The latest almond production projection from the United States Department of Agriculture (USDA) National Agricultural Statistics Service (NASS) forecasts three billion meat pounds for California producers. The California Almond Objective Measurement Report estimates that the 2020 crop will be up 18 percent over last year. The forecast is based on 1.26 million bearing acres in the state.
“This year’s crop is proof that California is the perfect place to grow almonds,” Chair of the Almond Board of California (ABC) Board of Directors Holly A. King said in a press release. “Perfect weather during bloom, coupled with the steps almond growers have taken to ensure our orchards provide a healthy environment for honey bees and other pollinators, resulted in the abundant crop we are seeing on the trees up and down the Central Valley.”
The latest report is unchanged from the subjective report that was released back in May. The average nut set per tree is expected to increase 21 percent from last year to 5,645. Production from the Nonpareil variety is projected to be 1.3 billion meat pounds, with an average nut set of 5,621; an increase of 27 percent over 2019. The Nonpareil average kernel weight was two percent lower from last year, with average kernel weight for all varieties also declining two percent from last year to 1.6 grams. A total of 98.5 percent of all the nuts that were sized were considered to be sound.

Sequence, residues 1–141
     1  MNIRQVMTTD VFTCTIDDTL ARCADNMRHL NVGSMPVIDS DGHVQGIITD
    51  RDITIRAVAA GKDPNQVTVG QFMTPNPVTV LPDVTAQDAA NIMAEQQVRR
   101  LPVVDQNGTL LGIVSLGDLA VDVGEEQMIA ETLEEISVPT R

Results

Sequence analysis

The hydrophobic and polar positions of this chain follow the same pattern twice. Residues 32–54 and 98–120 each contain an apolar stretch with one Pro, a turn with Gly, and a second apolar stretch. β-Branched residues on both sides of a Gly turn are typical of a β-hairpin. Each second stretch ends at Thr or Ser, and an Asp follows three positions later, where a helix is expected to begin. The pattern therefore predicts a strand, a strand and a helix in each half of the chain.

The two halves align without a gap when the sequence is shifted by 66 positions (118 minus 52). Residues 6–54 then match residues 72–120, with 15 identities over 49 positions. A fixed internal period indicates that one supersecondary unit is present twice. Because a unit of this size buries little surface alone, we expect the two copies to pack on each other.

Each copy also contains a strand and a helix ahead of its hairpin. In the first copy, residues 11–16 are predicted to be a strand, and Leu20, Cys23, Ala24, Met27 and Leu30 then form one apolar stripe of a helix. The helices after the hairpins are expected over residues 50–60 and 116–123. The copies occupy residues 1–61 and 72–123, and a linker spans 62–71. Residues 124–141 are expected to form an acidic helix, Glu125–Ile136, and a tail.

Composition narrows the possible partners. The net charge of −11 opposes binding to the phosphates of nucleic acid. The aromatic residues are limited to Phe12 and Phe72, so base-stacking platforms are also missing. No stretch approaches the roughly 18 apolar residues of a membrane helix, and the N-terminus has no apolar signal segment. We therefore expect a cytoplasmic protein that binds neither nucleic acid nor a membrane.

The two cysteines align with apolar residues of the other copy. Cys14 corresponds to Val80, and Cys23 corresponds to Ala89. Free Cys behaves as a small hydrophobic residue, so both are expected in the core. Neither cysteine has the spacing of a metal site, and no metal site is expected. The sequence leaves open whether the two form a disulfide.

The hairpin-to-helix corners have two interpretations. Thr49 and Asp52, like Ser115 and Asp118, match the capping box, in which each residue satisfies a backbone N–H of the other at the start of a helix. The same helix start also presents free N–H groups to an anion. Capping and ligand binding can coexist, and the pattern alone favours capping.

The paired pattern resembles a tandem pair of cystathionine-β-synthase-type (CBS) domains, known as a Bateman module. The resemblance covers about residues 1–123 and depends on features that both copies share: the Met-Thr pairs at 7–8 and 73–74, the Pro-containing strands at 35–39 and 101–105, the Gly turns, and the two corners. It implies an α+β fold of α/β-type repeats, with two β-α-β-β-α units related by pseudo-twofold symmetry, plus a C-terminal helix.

The weather conditions throughout February help to provide for a strong bloom period this year, creating ample opportunity for pollination. There were some reports of damaged trees in mid-Spring related to heavy limbs breaking from windy conditions. The early summer conditions have provided assistance in crop development through the final stages.
Almond production surveys began May 26 and concluded on June 26, after 1,818 trees were sampled in 909 orchards. Last year, ABC’s Board of Directors approved an updated method for sampling to improve the accuracy of USDA-NASS’s reporting. The new protocols for the Objective Report include sampling from more orchards and providing nut counts for two branches per tree. Figures for weight, size, and grade of the average almond sample are now broken down by growing region instead of the growing district.